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Showing 1-7 of 7 reviews(Verified Purchases). See all 18 reviews
on August 20, 2017
An excellent play. Neil Labute's dialogue is so naturalistic and conversational juxtaposed against such dark subject matter!
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on June 25, 2017
required read for creative writing class but worth the experience of this unique view of human behavior
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on September 24, 2015
These short plays are a good introduction to Neil LaBute. Take that for what you will.

Each deals with seemingly normal people who do horrible things -- either for sheer obscene pleasure, as in "A Gaggle of Saints", or in a moment of fear, as in "Iphigenia in Orem." There is all the shocking depravity for which LaBute is known here. The plays explore the aftermath of the moment of cruel decision -- how the perpetrators cope with what they have done.
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TOP 500 REVIEWERon April 13, 2005
This is an incredible play. I think that the Mormon culture is fascinating--actually, I think that any sub-culture that is quirky and not accessible to everyone is fascinating. I live in Utah, and I've noticed that there isn't much media out there that develops the quirky Mormon culture. Most of the stuff available is either "faith promoting," or "bashing," and neither of those extremes really gets into any of the interesting parts of the culture.

Enter Neil Labute--he sets some very interesting stories in the quirky Mormon culture. They aren't faith promoting--they aren't negative toward Mormons...they're just stories set in a quirky Mormon culture.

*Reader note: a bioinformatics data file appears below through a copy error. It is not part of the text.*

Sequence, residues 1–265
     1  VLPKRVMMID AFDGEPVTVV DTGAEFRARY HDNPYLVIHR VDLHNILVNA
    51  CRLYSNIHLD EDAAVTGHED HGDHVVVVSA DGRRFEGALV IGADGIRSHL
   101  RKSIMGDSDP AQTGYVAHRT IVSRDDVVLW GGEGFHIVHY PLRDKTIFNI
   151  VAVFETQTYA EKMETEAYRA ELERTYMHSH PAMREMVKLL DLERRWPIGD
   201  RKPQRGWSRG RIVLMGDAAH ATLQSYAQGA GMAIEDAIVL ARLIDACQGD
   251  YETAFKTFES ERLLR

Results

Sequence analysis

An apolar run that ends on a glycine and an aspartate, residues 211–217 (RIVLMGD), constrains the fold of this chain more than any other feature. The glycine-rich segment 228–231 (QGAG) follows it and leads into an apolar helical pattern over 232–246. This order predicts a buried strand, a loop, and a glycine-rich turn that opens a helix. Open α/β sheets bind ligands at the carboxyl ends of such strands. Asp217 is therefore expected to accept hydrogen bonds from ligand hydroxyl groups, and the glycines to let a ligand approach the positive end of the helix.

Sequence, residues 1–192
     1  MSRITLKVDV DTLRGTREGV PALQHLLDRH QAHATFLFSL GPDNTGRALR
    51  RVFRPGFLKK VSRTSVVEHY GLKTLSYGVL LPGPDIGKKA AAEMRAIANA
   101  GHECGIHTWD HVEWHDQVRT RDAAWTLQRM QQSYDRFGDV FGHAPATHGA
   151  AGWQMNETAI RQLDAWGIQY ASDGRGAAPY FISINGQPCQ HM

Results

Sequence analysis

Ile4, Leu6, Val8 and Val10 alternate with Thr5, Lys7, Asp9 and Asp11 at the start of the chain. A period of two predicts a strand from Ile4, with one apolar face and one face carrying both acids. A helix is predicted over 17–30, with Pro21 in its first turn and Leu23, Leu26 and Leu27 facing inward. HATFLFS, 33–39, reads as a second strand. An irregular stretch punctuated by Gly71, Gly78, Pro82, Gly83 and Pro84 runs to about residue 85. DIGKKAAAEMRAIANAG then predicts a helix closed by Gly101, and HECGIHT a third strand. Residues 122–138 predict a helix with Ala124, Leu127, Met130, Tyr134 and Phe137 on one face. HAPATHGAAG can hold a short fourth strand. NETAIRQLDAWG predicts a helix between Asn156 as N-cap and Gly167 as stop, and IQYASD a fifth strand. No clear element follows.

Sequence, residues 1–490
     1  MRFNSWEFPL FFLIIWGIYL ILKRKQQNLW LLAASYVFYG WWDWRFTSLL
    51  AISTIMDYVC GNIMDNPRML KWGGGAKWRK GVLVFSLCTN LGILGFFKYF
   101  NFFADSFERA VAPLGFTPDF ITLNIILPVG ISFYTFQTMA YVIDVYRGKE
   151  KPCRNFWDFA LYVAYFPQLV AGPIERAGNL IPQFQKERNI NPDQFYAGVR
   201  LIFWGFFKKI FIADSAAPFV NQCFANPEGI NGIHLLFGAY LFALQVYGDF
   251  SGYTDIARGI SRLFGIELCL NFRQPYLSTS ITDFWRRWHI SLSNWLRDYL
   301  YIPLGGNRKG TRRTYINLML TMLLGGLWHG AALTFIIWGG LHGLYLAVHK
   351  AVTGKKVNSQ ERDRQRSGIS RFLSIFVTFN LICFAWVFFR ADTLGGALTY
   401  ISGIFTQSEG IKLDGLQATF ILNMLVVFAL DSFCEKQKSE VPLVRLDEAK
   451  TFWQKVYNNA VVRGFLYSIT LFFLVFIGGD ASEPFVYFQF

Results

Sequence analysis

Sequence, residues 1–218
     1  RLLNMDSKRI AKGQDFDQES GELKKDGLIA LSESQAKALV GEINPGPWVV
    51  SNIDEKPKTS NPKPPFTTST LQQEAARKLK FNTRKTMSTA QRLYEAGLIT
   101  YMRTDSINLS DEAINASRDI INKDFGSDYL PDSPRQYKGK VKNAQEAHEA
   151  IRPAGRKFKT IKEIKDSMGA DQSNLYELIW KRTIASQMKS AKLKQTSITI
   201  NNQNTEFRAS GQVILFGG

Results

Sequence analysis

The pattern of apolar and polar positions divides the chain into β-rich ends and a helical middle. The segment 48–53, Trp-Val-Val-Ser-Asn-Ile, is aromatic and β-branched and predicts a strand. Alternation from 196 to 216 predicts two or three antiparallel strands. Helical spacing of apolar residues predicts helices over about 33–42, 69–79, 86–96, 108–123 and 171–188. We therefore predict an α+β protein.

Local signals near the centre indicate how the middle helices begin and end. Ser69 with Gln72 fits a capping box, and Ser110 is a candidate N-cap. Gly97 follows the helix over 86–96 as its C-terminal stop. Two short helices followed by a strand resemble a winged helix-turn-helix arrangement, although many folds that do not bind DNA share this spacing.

This isn't a "slice of Mormon life." It is, as I've heard people say, "Good people who happen to do bad things," even though that grossly oversimplifies these stories. The stories are fantastic, and they have the typical Labute macabre.

I suspected that Labute could do Mormons well after the interesting discussion of pornography that he included in "The Shape of Things." But, I was pleasantly surprised by how well he wrote Mormons in a book dedicated to them.

Technical stuff--The book is tiny: 96 pages, and small. Two of the three plays are monologues, and the other is a two-person play. It doesn't have your typical play notes, like "[The lights dim....a bottle breaks in the background]." These "plays" are 100% dialogue.

I knew it would be good, but after reading this book, I'm going to buy all of Labute's plays that are available on amazon.
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on May 16, 2017
great shape
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VINE VOICEon March 6, 2007
Never had a play truly made my stomach turn, but in the first act, in the first small play, it did just that, and pretty much continued at that rate and speed throughout. This interesting understanding of suffering and sacrifice for corporate America, for idealism, for religion, it's the plays that nearly got it's writer, excommunicated from the church. I don't see why, but I do see a great playwright, whose plays are not getting the attention they truly deserve.
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on December 30, 2014
Medea in Redux is one of my favorite one women shows, I used it for my senior thesis, great set of plays from Mr. LaBute!
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